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Gravity and Friction

Ristometer to measure green friction

In the "weightlessness" and "vacuum" of space, a putt will impart to a golf ball a force of acceleration that will change the ball's state from one of rest to one of constant velocity, and the velocity will stay the same thereafter until the Crack of Doom (unless the ball is affected by some other force). On the earth, there is always "some other force" hanging around: gravity. That's why a canon ball fired at 45 degrees inclination from the surface makes a parabolic rainbow trajectory as gravity pulls it back to earth. Gravity is not sudden or variable, but is always steady. That's why the parabola shape of the canon ball is smooth and predictable. That's very helpful in putting, since gravity is very predictable and putt paths never have kinks or angles in them.

But a putted ball never goes up into the air like a canon ball, so how can gravity affect it? If you place a ball on a flat and level marble table that extends for a mile and then putt the ball, the ball will roll straight but it will eventually slow down and stop. Why? Because of friction between the bottom of the ball and the table (and a little air resistance) -- in this case, not much at all, but some. The steady influence of this friction eventually wears down the forward motion of the ball. Now imagine the same marble table in space. The putt will roll straight on the table surface but will never stop. The lesson is that gravity is what makes friction.

The other lesson is that the surface also makes friction, or more correctly, the contact between the ball and the surface. (That's why tire treads have best contact with the road when they are not fully inflated.) So, in putting, since neither the ball nor gravity ever changes, the only thing that affects the extent of friction is the surface. Tightly mown, tournament-condition bent grass has little friction compared to shaggy, late-in-the-day bermuda. Wet grass is slower than dry grass, because it has less friction.

And, although it is a minor point, it is not really accurate to say that gravity is never different for a given putt, although gravity itself never changes. That's because it does matter in any given putt what sort of tilted surface the ball has to cross. For friction, not all gravity matters, and only that component of gravity that is directed flush into the surface creates the friction. So a ball rolling across a flat and level putting mat has Friction=2 but when you tilt the matt on its side and roll the ball across it, then the Friction=1 (less). Only some of the gravity is holding the ball against the surface in the second case. So, sidehill breaking putts can actually involve less friction than putts across an untilted surface and putts downhill have a little less friction, too (not much). Putts uphill have a little more friction, not from the tilt's reducing the component of gravity, but from the forward motion of the ball running it into the surface harder.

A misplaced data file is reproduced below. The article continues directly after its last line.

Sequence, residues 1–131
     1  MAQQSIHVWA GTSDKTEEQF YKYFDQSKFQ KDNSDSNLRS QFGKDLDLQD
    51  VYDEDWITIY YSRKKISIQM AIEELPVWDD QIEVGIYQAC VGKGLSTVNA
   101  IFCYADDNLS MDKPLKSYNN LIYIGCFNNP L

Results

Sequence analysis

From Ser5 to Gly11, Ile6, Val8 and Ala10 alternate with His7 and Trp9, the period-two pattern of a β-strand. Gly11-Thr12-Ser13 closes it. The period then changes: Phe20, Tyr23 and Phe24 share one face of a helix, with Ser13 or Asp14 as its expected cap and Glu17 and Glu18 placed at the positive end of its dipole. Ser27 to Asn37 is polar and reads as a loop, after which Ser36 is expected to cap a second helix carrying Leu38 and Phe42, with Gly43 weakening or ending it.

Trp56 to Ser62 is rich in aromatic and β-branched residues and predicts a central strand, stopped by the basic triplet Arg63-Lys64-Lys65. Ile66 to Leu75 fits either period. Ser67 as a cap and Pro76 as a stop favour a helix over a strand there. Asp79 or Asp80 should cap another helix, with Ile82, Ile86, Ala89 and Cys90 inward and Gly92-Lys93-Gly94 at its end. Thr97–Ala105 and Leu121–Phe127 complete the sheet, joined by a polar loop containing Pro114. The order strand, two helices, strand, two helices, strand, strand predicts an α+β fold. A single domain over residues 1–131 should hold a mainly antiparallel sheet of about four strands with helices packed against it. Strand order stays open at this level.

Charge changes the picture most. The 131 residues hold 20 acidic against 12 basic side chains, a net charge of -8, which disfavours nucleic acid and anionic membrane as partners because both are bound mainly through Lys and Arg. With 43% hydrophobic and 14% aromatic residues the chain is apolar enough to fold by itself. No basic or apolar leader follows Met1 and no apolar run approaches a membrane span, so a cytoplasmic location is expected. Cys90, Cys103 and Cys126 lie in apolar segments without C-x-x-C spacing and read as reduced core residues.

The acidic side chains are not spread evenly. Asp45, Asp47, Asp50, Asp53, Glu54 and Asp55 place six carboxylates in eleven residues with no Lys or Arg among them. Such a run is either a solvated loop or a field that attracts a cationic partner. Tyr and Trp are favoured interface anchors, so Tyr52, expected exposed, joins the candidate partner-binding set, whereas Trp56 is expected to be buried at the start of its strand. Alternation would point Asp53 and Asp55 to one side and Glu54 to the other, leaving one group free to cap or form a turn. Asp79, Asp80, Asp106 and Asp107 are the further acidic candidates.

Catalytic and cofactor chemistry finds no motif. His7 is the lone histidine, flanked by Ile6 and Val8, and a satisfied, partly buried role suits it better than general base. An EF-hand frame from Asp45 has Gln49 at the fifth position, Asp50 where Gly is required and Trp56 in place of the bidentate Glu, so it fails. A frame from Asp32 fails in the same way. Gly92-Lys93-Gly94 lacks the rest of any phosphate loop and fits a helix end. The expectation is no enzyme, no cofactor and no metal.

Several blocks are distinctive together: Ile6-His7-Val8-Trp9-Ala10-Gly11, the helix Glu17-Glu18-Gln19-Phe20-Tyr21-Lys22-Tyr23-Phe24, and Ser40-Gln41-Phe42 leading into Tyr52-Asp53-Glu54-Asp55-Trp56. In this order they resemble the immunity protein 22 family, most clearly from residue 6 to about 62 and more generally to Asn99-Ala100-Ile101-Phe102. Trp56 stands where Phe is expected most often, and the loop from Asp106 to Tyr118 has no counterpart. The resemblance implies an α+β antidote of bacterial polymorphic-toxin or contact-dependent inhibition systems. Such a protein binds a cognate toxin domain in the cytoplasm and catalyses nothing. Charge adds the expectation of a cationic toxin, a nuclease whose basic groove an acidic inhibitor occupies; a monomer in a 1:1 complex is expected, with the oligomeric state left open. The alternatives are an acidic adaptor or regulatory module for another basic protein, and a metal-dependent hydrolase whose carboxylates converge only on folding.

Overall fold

Grain in a green is an "opposing force" when the ball is rolling into the grain because the angled tips of the grass blades act like miniature pikes defending against the onslaught of the ball, and grain is very similar to friction, but only when the ball is going "into the grain." Like tilt, grain has its maximum effect only when the ball is going directly into the grain, and when the ball rolls athwart the grain or with the grain, there is less to none opposing force. (It's not really correct to think of grain as making putts slower OR FASTER, since grain only works to slow the ball's roll, and never really speeds it up. When the ball rolls with the grain, there is simply less opposing force, and there may even be less friction too, so that the same putt across a level no-grain surface rolls at Speed=1 whereas the same putt across a level with-the-grain surface will roll faster, at Speed=2.)